International Atomic Energy Agency boss Yukiya Amano affirmed on Monday that Iran is complying with the terms of the nuclear deal, which would undercut Donald Trump’s efforts to scrap the deal if anybody in Trump’s base cared about the IAEA in any way. Lucky for Trump they don’t. While we’re on the subject, here’s Stephen Walt calling the Trump administration’s argument for busting the deal “one big lie”:

The latest round in their campaign was U.N. Ambassador Nikki Haley’s disingenuous and falsehood-filled speech at the American Enterprise Institute last week. The speech is useful in one sense: it provides a handy summary of just about every creative and mendacious argument that die-hard opponents of the JCPOA have been cooking up since the agreement was signed. Unfortunately, it is neither an accurate guide to the agreement, to its current status, nor more importantly, to U.S. interests.



Gunmen north of Quetta killed four members of Pakistan’s minority Hazara community on Monday in a drive by shooting. Meanwhile, Pakistani Prime Minister Shahid Khaqan Abbasi warned that any cuts in aid from Washington would only make it harder for Pakistan to combat the terrorist groups it refuses to combat anyway. Really makes you think.


The UN High Commissioner for Human Rights calls what’s happening to the Rohingya a “textbook example” of ethnic cleansing. Myanmar is blaming the strife in Rakhine state on the Rohingya itself, specifically on the Arakan Rohingya Salvation Army, which has seen its stature bolstered by aid from Pakistan and the Gulf Arab states. In doing so, the Myanmar government is trying to tap into that sweet “War on Terror” rhetoric that allows governments to commit all sorts of atrocities in the name of defending against ISLAMIC EXTREMISM. This is naturally horse shit–that some Rohingya have turned to violence after multiple ethnic cleansing campaigns against their community is completely unsurprising, and would not be considered evidence of EXTREMISM were the Rohingya not Muslim. Hell, Myanmar can’t even make its charges stick–“evidence” that the Rohingya have been the ones setting fire to their own villages has turned out to be pretty obvious lies.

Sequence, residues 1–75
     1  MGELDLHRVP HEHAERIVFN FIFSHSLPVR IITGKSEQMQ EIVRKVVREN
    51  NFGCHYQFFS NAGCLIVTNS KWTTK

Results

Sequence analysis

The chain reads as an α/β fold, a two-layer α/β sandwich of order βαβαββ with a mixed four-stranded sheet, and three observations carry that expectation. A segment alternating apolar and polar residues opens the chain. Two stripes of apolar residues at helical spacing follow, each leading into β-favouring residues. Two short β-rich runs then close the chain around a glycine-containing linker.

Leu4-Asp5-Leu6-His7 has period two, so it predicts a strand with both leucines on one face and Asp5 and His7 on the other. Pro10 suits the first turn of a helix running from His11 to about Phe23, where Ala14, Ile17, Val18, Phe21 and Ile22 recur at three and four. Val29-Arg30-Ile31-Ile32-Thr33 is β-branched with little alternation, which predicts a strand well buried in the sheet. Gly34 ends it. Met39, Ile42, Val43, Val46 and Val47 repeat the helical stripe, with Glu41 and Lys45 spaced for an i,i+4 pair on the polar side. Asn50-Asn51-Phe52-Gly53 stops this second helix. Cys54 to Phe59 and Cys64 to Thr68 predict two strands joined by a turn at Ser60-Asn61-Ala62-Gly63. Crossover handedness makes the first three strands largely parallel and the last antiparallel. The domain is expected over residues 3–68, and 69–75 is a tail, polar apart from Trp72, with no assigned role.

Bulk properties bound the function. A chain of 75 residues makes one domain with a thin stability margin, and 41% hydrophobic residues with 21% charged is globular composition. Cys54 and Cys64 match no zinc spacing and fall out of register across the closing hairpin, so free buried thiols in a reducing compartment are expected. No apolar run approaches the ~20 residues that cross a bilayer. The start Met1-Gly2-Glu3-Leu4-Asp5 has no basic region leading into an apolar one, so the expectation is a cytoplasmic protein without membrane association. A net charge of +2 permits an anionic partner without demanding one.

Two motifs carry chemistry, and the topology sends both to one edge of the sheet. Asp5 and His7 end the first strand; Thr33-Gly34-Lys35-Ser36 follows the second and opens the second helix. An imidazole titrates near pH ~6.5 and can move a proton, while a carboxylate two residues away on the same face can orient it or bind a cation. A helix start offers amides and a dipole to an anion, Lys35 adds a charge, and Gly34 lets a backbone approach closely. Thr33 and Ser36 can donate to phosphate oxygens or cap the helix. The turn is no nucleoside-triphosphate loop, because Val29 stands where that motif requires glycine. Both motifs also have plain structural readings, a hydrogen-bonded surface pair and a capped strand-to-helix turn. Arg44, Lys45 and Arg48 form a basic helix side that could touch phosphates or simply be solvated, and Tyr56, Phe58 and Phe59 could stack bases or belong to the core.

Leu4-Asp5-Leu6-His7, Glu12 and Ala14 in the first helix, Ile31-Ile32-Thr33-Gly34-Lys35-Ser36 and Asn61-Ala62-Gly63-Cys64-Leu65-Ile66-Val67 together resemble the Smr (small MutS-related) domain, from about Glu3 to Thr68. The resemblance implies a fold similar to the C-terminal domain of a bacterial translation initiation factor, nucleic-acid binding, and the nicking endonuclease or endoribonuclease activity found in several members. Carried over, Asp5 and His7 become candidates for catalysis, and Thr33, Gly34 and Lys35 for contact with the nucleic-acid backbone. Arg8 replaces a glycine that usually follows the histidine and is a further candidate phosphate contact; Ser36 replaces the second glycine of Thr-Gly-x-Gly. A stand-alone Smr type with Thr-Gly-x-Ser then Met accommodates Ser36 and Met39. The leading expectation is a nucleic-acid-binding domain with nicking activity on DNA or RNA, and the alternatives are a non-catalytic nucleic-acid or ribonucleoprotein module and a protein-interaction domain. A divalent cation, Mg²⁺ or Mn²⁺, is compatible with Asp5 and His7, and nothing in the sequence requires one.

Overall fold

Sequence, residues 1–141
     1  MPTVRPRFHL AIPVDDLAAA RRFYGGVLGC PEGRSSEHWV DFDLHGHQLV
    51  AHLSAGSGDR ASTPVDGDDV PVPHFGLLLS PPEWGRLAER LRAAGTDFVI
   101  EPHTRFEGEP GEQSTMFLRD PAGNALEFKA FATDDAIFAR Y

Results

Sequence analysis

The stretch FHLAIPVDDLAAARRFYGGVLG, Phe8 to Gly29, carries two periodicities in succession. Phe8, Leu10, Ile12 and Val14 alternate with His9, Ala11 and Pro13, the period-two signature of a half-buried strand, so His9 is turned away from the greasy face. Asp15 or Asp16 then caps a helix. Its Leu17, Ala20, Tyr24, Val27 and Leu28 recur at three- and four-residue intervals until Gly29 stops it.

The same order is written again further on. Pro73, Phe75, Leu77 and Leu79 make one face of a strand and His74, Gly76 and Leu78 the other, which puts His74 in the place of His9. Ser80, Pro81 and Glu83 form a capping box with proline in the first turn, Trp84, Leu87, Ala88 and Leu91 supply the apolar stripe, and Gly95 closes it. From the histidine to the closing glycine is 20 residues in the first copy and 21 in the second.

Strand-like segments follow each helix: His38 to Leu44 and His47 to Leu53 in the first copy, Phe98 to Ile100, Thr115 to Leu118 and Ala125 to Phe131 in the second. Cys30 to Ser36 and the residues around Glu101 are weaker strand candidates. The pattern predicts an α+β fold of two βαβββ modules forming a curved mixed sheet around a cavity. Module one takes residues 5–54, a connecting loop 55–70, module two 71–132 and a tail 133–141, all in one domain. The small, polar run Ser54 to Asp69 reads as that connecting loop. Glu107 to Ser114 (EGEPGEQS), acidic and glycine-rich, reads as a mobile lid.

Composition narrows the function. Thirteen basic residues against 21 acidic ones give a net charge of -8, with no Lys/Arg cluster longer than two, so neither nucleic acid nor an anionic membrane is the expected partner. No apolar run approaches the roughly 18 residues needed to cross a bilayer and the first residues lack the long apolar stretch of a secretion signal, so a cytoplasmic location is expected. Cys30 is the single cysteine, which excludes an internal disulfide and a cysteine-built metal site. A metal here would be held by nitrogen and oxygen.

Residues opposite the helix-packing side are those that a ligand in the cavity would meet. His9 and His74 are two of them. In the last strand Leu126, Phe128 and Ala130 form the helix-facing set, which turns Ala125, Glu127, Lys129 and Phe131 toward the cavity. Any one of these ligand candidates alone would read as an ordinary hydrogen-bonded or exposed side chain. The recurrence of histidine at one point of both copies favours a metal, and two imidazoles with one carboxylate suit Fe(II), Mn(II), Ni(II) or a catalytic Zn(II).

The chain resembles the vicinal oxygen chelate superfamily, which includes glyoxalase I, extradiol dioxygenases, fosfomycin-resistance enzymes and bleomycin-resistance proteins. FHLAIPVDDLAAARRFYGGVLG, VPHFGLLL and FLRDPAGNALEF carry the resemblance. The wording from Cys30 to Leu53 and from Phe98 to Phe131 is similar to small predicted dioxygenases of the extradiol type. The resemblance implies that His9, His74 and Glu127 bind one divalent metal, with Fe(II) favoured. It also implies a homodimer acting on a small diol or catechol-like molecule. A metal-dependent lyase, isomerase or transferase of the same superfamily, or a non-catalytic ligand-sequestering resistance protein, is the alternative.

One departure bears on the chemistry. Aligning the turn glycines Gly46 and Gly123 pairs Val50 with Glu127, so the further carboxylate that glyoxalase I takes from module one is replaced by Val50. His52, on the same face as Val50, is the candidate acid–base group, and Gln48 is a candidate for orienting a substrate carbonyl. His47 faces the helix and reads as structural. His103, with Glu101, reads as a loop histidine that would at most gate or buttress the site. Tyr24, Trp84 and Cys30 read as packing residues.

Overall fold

Philippine authorities say that some insurgents in Marawi have begun sending out messages suggesting they would be willing to surrender. They’re hoping that fighters might begin giving up over the next several days.